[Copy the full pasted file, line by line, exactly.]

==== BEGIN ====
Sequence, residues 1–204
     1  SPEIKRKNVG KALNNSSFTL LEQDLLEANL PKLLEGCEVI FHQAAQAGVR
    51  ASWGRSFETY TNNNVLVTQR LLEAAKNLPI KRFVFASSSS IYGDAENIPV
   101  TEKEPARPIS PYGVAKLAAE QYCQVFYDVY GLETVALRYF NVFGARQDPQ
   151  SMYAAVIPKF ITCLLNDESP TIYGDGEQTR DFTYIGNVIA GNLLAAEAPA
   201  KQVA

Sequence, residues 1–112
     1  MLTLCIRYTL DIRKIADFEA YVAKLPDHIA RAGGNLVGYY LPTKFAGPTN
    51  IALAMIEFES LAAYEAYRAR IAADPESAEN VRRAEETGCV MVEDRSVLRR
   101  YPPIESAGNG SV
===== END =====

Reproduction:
Sequence, residues 1–204
     1  SPEIKRKNVG KALNNSSFTL LEQDLLEANL PKLLEGCEVI FHQAAQAGVR
    51  ASWGRSFETY TNNNVLVTQR LLEAAKNLPI KRFVFASSSS IYGDAENIPV
   101  TEKEPARPIS PYGVAKLAAE QYCQVFYDVY GLETVALRYF NVFGARQDPQ
   151  SMYAAVIPKF ITCLLNDESP TIYGDGEQTR DFTYIGNVIA GNLLAAEAPA
   201  KQVA

Sequence, residues 1–112
     1  MLTLCIRYTL DIRKIADFEA YVAKLPDHIA RAGGNLVGYY LPTKFAGPTN
    51  IALAMIEFES LAAYEAYRAR IAADPESAEN VRRAEETGCV MVEDRSVLRR
   101  YPPIESAGNG SV